There is some federal support available if disaster bites. The Small Business Administration (SBA) will provide disaster relief loans of up to $2 million on favourable terms, so if it’s a case of severe cash flow issues, look into those circumstances before turning to other sources of funding. You should be able to use social media to contact them if other lines of communication aren’t accessible. Equally, there can be some mileage in crowdfunding if you do it correctly. People are generally very willing to help out small businesses with a clear mission statement, so it can be worth stating your case.

Make Time To Look After Yourself

Small business owners are used to operating under a lot of pressure, and of course in times of hardship, this can go through the roof. It may seem like you’re getting pulled in every direction, but it’s important to remember that you need to treat yourself like any other resource and safeguard your own wellbeing. This means taking steps like ensuring you are getting adequate nutrition and a good night’s sleep where possible, taking some daily exercise and doing things to ease the anxiety you’re likely to be experiencing, such as using a mindfulness app or accessing a counselling service if necessary.

Securing Your Premises

Ensuring the physical security of your premises is also important. Any crime against your property is potentially a disaster that can raise the cost of doing business. Theft of business property is sadly a serious issue that does go on in companies of all sizes. Discovering one of these crimes on your own doorstep can be deeply upsetting, and take a long while to recover from. Deciding on a secure location for your premises and investing in things like a cctv network can all help to lessen the risks you face. A buildings security expert can help you to make an assessment of your premises and advise on what could be improved. Things such as steel security doors or shutters to prevent unauthorized entry, a secure alarm system throughout the building with motion sensors and automatic police notification may be worth it depending on what you do and store in your location and where it is. Adding lighting in darker areas and key entry points as well as cameras that can alert directly to your mobile phone are also steps you can take to make your physical business location a bit safer. Some businesses also decide they want to take the step of employing security guards or dogs to patrol at night – understanding how high risk your business is for an attack will help with this. Doing a comprehensive risk assessment for your premises is a good way to look at the situation dispassionately and identify any areas you could work on to make it easier to secure.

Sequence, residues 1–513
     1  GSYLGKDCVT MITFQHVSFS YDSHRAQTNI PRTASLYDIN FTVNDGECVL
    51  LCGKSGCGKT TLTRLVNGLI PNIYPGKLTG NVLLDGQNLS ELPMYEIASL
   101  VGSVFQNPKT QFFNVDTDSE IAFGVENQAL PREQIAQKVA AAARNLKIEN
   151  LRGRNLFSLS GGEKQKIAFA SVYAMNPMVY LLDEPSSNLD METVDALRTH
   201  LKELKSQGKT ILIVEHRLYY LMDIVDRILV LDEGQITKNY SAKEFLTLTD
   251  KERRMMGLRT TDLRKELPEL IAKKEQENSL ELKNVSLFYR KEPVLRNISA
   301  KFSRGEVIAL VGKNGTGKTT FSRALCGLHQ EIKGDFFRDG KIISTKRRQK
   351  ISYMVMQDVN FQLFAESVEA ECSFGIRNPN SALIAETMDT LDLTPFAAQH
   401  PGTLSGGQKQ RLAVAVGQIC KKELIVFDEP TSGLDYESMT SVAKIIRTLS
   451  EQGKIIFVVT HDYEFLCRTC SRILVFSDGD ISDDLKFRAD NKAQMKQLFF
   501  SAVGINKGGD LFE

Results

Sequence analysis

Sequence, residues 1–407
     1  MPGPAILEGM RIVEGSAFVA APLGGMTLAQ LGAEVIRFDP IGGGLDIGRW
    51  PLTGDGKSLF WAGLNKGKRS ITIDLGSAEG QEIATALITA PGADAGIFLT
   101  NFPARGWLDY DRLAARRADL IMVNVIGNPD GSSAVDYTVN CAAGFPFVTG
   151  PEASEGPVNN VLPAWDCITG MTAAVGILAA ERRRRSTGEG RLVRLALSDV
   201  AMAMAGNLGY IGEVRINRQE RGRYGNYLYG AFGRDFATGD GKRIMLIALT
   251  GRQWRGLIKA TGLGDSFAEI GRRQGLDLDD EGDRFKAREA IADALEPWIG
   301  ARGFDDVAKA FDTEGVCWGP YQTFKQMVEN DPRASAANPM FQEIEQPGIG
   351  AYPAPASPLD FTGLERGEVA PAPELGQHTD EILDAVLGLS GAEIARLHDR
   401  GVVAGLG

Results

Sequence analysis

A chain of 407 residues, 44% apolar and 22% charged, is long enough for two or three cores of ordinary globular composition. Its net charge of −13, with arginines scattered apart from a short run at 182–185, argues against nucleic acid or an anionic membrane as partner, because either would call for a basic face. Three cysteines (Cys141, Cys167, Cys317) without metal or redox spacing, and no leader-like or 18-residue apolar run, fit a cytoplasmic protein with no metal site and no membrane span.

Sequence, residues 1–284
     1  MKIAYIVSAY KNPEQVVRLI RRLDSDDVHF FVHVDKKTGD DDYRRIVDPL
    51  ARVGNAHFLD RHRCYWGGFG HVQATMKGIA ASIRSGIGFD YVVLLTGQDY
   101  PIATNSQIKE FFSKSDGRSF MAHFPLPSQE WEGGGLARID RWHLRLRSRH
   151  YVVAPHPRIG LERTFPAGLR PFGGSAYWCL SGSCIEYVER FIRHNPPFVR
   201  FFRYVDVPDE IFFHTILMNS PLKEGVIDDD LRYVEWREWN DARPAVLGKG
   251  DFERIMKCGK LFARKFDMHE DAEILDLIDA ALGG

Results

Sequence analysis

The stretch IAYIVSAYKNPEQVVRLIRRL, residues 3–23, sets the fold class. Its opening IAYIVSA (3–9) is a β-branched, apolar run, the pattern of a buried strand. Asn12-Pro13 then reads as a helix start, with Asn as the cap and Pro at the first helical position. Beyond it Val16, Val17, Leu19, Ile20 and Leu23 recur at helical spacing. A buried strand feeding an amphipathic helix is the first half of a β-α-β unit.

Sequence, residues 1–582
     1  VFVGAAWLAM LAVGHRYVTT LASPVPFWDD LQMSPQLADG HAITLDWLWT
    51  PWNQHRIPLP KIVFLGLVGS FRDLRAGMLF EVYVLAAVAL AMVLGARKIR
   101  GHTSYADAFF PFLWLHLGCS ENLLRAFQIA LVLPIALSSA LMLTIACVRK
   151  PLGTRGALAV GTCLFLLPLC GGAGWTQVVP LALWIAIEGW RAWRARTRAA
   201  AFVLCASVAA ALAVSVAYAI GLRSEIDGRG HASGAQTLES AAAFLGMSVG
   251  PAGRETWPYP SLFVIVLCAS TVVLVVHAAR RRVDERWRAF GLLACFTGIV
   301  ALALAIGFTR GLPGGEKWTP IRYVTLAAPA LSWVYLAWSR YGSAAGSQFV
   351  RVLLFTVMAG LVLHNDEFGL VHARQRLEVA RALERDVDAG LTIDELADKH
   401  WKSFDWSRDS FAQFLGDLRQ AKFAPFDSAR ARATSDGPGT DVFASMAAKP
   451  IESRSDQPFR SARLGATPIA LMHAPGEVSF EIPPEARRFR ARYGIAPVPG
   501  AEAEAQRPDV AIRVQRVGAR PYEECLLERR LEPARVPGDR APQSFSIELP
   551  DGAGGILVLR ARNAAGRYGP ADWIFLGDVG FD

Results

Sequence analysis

With all the many risks that going into business entails, it can be very hard to know where to concentrate efforts and resources. But it’s clear that failing to take any action at all could stand a real chance of jeopardizing everything you have worked so hard to build up. Taking small steps and pulling together a practical plan of action doesn’t have to be difficult. With the right preparation, you get the peace of mind of knowing that when everything goes a little crazy, you have the planning in place to help you get through the situation and survive to trade another day.

Protecting Your Business From The Threat Of Cybercrime

StrategyDriven Risk Management and Managing Your Business Article |Cybercrime|Protecting Your Business From The Threat Of CybercrimeThere are many threats to each and every business the whole world over. You might look at your company and think that just because you are only a small operation, then you won’t be at risk. But there is one thing that is a fact, cybercriminals do not discriminate.

Whether your business is worth billions, or you are a sole-trader, you are likely to come under attack. You might currently be facing several attempts each day. Although, depending on the type of business that you operate, this could be considerably more.

What Effects Will A Cyber Attack Have On Your Business?

In the event of an attack, and the very least, cybercrime will cause your websites and services to suffer from downtime which will have a financial knock-on. The outcome will generally be much worse.

You might end up losing customer data, which will result in mass-identity theft. You may face fines from the government if the breach could have been prevented, and you might face legal proceedings from affected customers.

All in all, you are likely to lose a lot of money and face severe damage to your reputation. It might all result in you going out of business completely.